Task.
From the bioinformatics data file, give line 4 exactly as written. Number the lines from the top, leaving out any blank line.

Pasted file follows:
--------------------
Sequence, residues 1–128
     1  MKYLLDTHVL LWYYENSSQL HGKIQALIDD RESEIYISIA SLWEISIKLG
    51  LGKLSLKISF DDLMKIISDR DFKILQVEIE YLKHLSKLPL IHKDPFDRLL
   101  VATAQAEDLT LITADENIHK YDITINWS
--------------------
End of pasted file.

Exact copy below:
   101  VATAQAEDLT LITADENIHK YDITINWS